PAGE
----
PAC Donors are Paying Trump's Personal Bills

Donald Trump standing on a stage beside a podium with silhouettes of hands from a crowd in front of him
Former U.S. President Donald Trump attends the Conservative Political Action Conference (CPAC) in Orlando, Florida, February 26, 2022. Photo by REUTERS/Octavio Jones

Since leaving office more than two years ago, Donald Trump has continued to tour the country, make speeches, and raise staggering amounts of money from his political supporters. Most of the former president’s fundraising has been through his leadership PAC, Save America, and some of the ways he has spent that money raise serious concerns under federal campaign finance laws.


The Federal Election Commission (FEC), the independent regulatory agency responsible for administering and civilly enforcing federal campaign finance laws, first permitted the creation of leadership PACs in 1978 to allow politicians to raise money to support their colleagues and to gain support for congressional leadership positions. 

Today, an overwhelming majority of current and former federal officials have a leadership PAC. 

Not all of Trump’s Save America spending is legally problematic. For instance, Save America has spent millions of dollars on contributions to other candidates, party committees, allied super PACs, and other outside groups.  

However, other spending represents a clear misuse of Save America donors’ money. In particular, Save America has reported spending millions on legal expenses that appear to be related to Trump’s personal or business matters with no connection to his political campaigns or time in office.  

Federal law prohibits the “personal use” of campaign funds, which means federal candidates and officeholders cannot use funds that contributors give them to pay for expenses that are “personal” in nature. This includes obvious personal obligations, like mortgage payments or country club dues, as well as any other expenses that a candidate would owe irrespective of their campaign or official duties.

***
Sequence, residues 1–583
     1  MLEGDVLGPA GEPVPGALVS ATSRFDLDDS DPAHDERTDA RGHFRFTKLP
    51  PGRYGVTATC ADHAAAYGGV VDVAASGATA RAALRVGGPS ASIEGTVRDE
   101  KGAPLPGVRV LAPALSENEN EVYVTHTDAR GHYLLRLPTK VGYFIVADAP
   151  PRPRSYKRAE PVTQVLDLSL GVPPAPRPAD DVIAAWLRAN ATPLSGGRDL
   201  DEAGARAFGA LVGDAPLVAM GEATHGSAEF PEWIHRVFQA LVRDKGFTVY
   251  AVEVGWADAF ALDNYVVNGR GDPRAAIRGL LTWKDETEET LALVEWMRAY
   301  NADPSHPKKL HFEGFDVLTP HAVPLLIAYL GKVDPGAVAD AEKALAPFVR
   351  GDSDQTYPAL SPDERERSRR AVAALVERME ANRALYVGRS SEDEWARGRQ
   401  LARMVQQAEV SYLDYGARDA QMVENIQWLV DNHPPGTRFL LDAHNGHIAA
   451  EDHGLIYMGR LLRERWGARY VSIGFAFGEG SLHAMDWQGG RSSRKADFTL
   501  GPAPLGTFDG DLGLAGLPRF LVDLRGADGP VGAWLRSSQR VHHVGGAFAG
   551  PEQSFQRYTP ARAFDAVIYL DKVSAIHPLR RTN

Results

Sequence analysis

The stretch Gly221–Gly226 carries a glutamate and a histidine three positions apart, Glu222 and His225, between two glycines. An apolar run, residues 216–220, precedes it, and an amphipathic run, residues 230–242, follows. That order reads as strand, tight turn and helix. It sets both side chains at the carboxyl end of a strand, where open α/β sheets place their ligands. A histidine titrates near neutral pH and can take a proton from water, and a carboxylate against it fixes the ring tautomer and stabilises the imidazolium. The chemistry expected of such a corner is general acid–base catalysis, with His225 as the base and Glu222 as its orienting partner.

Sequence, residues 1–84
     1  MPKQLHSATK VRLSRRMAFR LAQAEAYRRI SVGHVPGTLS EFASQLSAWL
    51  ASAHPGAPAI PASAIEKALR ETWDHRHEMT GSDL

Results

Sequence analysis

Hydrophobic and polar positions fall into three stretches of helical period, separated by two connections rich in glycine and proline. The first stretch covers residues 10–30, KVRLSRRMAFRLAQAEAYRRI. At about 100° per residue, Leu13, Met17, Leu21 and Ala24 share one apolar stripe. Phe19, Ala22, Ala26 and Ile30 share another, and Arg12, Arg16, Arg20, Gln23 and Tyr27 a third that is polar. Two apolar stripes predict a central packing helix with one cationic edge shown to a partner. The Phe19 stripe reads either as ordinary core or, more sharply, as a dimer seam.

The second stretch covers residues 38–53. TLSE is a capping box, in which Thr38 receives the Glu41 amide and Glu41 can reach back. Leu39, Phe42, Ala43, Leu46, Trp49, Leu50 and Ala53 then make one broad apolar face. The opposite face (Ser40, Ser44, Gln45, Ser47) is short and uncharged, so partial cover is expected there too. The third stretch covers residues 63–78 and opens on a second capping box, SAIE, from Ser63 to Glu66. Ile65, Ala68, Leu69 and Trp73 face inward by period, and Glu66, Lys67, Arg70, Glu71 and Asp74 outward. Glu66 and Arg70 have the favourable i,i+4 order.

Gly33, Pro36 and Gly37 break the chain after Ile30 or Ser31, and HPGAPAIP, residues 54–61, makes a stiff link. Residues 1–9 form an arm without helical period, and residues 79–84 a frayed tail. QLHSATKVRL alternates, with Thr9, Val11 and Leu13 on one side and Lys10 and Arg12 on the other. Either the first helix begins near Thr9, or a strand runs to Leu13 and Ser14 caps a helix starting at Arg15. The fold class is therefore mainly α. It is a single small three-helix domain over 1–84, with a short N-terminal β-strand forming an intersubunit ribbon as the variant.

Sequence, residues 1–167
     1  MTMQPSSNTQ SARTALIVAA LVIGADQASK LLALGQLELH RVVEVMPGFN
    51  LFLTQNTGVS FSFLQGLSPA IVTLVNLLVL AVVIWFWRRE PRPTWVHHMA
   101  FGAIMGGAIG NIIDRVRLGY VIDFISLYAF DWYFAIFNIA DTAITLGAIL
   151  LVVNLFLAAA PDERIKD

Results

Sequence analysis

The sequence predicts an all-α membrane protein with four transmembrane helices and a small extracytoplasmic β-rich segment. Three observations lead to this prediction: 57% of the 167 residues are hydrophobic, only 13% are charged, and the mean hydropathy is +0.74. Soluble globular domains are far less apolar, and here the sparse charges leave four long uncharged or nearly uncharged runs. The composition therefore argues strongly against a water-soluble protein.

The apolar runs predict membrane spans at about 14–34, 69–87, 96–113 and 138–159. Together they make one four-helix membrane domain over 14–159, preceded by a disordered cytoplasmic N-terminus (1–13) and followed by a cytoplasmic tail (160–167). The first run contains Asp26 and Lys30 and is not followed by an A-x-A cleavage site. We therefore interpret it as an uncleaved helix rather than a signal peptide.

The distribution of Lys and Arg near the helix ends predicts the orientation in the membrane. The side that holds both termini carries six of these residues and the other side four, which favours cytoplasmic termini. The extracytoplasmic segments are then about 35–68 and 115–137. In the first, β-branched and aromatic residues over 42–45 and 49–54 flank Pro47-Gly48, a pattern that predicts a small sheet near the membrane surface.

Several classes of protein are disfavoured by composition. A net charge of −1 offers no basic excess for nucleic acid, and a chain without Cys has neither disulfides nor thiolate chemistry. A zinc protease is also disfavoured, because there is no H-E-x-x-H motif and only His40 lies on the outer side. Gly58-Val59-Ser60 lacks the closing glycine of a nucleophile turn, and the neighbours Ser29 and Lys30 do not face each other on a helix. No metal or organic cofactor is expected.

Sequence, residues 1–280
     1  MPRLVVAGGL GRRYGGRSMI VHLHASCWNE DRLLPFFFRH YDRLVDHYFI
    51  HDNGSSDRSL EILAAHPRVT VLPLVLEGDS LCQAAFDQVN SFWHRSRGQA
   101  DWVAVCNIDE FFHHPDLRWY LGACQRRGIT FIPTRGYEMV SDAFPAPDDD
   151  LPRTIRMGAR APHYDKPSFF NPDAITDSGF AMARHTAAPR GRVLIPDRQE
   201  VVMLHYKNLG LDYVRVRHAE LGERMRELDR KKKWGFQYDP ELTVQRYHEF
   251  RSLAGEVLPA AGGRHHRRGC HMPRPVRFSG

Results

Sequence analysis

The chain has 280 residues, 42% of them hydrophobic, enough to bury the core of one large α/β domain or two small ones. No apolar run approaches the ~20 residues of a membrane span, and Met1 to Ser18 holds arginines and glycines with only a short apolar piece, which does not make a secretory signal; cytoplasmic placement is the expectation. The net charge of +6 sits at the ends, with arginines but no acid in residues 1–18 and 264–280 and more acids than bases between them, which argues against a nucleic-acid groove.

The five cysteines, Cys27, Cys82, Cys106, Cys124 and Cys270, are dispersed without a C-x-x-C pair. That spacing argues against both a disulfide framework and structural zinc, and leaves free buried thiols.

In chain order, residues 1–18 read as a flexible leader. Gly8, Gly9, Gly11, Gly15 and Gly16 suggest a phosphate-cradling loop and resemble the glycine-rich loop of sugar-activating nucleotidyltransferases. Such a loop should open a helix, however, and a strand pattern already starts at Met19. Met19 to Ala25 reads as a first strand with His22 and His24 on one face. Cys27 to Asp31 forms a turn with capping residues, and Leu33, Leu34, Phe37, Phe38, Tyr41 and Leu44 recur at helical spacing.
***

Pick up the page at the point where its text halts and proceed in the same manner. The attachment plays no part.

But the FEC has consistently declined to apply this “personal use” prohibition to leadership PACs even though such committees are, by definition, established, financed, maintained, or controlled by a candidate or federal officeholder.

Politicians on both sides of the aisle have taken advantage of the FEC’s lax regulation and enforcement, using leadership PACs to pay for personal expenses that a campaign committee plainly could not cover. 

Abuse of leadership PACs as personal slush funds is common and well documented. But Trump’s misuse of Save America funds is particularly striking due to the sheer volume of money in play.

Save America has reported spending a staggering $8.6 million since January 1, 2021 on legal fees related to defending Trump in a multitude of civil and criminal inquiries into Trump’s behavior.   

Particularly problematic are the legal fees paid by Save America to defend Trump in cases that have no apparent connection with him running for or serving in federal office. 

For instance, Save America has disclosed spending over $1.1 million in connection with the New York Attorney General’s investigation into alleged fraudulent business practices by Trump and members of his family in running the Trump Organization.. This includes $50,000 related to a countersuit to the civil inquiry.  
Neither the New York Attorney General’s civil suit nor Trump’s countersuit have any apparent connection to Trump’s campaigns or his official duties as President. 

Save America has also reported paying $1.2 million to a law firm representing Trump in a defamation lawsuit brought by author E. Jean Carroll related to his public denial of allegations that he sexually assaulted her in the 1990s.  

By using Save America’s funds to cover his own legal expenses in these personal and business matters that are unrelated to his campaigns or presidency, Trump is brazenly abusing the leadership PAC vehicle and ultimately misappropriating the funds given by the PAC’s donors. 

Voters lose faith in the integrity of their elections and their government when they see politicians using political supporters’ funds as their own personal piggy bank.  

The FEC can and should curb this practice by explicitly clarifying that leadership PAC funds can’t be used for personal expenses. It’s past time for the FEC to do its job and take concrete action to restore voters’ faith in the integrity of their elections and government. 

Sophia is a Senior Researcher/Investigator on CLC's Campaign Finance/Ethics team.